Many algorithms have been described for extracting such feature points, which could correspond to corner points. For example B. Lucas and T. Kanade, “An iterative image registration technique with an application to stereo vision”, in Proc. 7th Int. Joint Conf. on Artificial Intelligence, 1981, pp. 674-679 describes one such method. Also, the method as described in S. K. Bhattacharjee, “Detection of feature points using an end-stopped wavelet”, submitted to IEEE Trans. On Image Processing 1999, can be used.

Next, in a block 109, a data association between estimated feature points and feature points extracted in block 107 is performed. An update of the list of feature points is then performed in a block 111. Thereupon, an update of the estimate for each feature point on the list of feature points is performed in a block 113. Finally the algorithm returns to block 103 and the next frame is input in the block 105 in order to perform a data association between the current estimated feature points and the feature points of the next frame.

Each time, the algorithm in FIG. 1a updates the list of feature points in the block 111 it is checked if a shot boundary has occurred. This shot boundary detection procedure is illustrated in FIG. 1b. Thus, first in a block 131, the updated list is input. A comparison between the current list of feature points and the list of previous feature points is then performed in a block 133.

If the number of lost feature points from the previous list of feature points or if the number of new feature points in the current list of feature points is larger than a pre-set threshold value, the procedure proceeds to a block 135, where the current frame is indicated as a shot-boundary.

The procedure then returns to the block 131. If, on the other hand, it is decided in the block 133 that the current frame does not correspond to a shot boundary the procedure return directly to the block 131.

In FIG. 2, a block diagram of one iteration of an algorithm for key frame extraction using the shot boundary detection procedure as described in conjunction with FIGS. 1a and 1 b is shown. A frame at time k is represented with a set of P feature points {right arrow over (x)}n(k),n=1, 2, . . . ,P , which can consist of:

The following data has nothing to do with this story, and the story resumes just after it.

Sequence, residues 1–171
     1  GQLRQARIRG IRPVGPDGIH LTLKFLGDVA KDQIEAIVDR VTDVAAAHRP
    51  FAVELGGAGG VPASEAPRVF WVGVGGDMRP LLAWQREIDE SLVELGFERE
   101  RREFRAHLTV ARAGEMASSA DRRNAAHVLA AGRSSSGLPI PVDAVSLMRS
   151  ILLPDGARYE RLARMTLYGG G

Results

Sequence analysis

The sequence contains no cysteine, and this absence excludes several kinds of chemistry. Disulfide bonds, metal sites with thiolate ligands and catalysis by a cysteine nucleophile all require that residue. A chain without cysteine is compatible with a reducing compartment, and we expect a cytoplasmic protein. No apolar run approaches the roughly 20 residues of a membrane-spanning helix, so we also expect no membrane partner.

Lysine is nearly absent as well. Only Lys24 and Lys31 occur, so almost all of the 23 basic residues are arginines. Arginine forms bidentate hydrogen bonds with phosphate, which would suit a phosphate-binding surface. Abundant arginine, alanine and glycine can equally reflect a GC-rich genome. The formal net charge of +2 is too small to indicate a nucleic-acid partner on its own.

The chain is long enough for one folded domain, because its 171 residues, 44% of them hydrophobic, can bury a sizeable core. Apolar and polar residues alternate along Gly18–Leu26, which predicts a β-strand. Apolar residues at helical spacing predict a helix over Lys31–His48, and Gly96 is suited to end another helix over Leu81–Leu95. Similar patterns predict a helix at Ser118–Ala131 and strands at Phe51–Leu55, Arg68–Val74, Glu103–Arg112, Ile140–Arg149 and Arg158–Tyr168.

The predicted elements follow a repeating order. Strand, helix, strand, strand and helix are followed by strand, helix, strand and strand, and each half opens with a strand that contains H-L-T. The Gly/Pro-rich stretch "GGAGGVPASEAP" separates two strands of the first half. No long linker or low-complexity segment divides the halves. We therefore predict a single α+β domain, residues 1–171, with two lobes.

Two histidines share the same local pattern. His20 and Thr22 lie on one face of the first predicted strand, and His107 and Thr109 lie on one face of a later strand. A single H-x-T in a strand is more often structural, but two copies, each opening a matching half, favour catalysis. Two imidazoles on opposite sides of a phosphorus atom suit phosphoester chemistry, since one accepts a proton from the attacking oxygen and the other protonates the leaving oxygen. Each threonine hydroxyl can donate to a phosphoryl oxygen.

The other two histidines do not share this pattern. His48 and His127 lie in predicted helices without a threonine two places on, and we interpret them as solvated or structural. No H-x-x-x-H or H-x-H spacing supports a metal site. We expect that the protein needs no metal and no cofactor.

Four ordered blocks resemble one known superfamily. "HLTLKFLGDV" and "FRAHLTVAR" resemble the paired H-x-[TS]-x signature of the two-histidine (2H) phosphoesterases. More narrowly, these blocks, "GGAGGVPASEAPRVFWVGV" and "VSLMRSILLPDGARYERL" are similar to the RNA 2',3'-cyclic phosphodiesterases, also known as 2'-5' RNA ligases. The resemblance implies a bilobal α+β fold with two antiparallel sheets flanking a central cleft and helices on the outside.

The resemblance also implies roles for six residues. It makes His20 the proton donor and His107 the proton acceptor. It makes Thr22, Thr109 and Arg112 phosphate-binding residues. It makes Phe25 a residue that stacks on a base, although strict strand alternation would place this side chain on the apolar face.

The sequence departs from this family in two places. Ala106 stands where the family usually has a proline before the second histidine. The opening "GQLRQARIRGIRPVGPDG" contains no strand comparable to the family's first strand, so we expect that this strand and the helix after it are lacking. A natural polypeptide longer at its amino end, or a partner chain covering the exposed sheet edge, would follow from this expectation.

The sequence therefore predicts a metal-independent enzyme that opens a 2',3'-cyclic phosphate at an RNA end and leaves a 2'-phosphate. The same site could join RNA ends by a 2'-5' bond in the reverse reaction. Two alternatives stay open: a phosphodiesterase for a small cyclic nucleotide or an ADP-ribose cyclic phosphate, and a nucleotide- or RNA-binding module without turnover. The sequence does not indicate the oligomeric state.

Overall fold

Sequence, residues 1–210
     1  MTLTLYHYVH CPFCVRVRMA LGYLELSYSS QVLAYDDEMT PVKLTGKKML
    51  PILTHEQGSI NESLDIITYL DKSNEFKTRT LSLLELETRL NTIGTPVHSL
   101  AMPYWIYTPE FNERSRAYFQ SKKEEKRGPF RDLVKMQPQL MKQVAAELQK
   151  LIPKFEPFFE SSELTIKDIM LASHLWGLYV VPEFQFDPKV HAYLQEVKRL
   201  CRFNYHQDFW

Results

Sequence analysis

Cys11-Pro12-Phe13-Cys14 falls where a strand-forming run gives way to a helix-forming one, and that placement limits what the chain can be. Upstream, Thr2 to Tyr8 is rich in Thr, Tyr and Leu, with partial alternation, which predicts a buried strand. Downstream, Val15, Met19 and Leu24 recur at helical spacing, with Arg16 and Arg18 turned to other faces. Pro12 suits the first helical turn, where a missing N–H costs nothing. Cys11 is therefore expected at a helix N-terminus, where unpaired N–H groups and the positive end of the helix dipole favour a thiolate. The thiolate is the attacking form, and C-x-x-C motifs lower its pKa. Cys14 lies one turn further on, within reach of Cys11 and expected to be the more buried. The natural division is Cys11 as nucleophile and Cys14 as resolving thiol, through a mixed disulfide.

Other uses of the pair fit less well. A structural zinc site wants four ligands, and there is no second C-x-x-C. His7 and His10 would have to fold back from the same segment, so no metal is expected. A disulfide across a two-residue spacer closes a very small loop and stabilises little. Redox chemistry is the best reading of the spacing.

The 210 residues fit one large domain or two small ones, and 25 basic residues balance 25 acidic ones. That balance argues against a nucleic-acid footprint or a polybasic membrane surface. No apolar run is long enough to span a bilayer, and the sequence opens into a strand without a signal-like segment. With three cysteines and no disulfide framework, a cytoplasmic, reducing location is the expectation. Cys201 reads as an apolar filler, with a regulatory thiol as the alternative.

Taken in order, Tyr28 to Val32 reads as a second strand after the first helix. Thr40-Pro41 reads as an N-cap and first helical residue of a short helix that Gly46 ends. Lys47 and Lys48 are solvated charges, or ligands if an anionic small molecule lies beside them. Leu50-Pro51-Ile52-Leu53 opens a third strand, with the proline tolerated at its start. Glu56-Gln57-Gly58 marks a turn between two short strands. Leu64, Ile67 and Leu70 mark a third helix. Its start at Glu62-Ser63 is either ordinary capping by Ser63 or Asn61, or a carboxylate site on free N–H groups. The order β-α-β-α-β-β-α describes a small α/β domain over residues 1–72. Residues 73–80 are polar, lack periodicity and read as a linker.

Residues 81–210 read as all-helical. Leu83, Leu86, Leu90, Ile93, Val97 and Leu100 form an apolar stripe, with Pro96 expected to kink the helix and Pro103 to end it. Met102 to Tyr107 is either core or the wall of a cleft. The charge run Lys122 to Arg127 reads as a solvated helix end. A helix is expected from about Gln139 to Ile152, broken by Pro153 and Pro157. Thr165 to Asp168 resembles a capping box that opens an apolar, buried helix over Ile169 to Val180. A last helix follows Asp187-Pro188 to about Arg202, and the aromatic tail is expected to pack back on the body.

Kinematic components: position (x,y) and velocity ({dot over (x)},{dot over (y)}).

Photometric components, such as Gabor responses (f1,f2,f3, . . . ).

Where the number of feature points P of variable n representing a particular feature point at time k (or frame k) is a function of time.

Photometric components are in general filter responses such as Gabor responses or Gaussian-derivative responses, computed by using the image intensities as input, see J. Malik, and P. Perona, “Preattentive texture discrimination with early vision mechanisms”, J. Opt. Soc. Am., vol.7, no. 5, pp. 923-932, May 1990. The use of photometric components in the algorithm as described herein will improve the scaling and rotation sensitivity in extraction of the feature points, but is optional. The feature vector {right arrow over (x)}n(k)=(x,y,{dot over (x)},{dot over (y)},f1,f2, . . . ) is also referred to as state vector. Its components summarize current and past history of the feature point n in order to predict its future trajectory.

Feature points correspond to points, which contain a significant amount of texture, such as corner points. Such points are relatively easy to track.

Referring to FIG. 2, first in a block 201 at a feature points extraction stage, the vector {right arrow over (z)}n(k+1)=(x,y,f1,f2, . . . ) denoted as the n:th measurement vector at time k+1 is computed, n=1,2, . . . ,P.

Next, in a measurement prediction stage in block 203, {right arrow over ({circumflex over (z)})}n(k+1) is estimated given the predicted state vector {right arrow over ({circumflex over (x)})}n(k) of the last frame k. Kalman filtering as described in A. Gelb, “Applied optimal estimation”, MIT Press, 1974 can be used as estimation algorithm.

Next, in a block 205 the correspondence between the predicted measurements {right arrow over ({circumflex over (z)})}n(k+1) and the extracted measurements {right arrow over (z)}n(k+1) is performed followed by an update of the list of feature points.

Zn(k+1)={{right arrow over (z)}n(1),{right arrow over (z)}n(2), . . . ,{right arrow over (z)}n(k+1)} represents the n:th list of feature points up to time k+1. The Nearest Neighbour filter as described in Y. Bar-Shalom, and T. E. Fortmann, “Tracking and data association”, Academic Press, 1988 can be used for data association in order to update the list of feature points. The estimated measurement vectors {right arrow over ({circumflex over (z)})}n(k+1), the list of feature points Zn(k) from the last frame k and the measurement vectors {right arrow over (z)}n(k+1) from the current frame k+1 are used as inputs for the data association step. It is important to note that the number P of feature points may vary in time. This is due to the fact that each data association cycle may include initiation of feature points, termination of feature points as well as maintenance of feature points.

A definition for the different types of processing of feature points is given below.

1. Feature point initiation: Creation of new feature points as new feature points are extracted.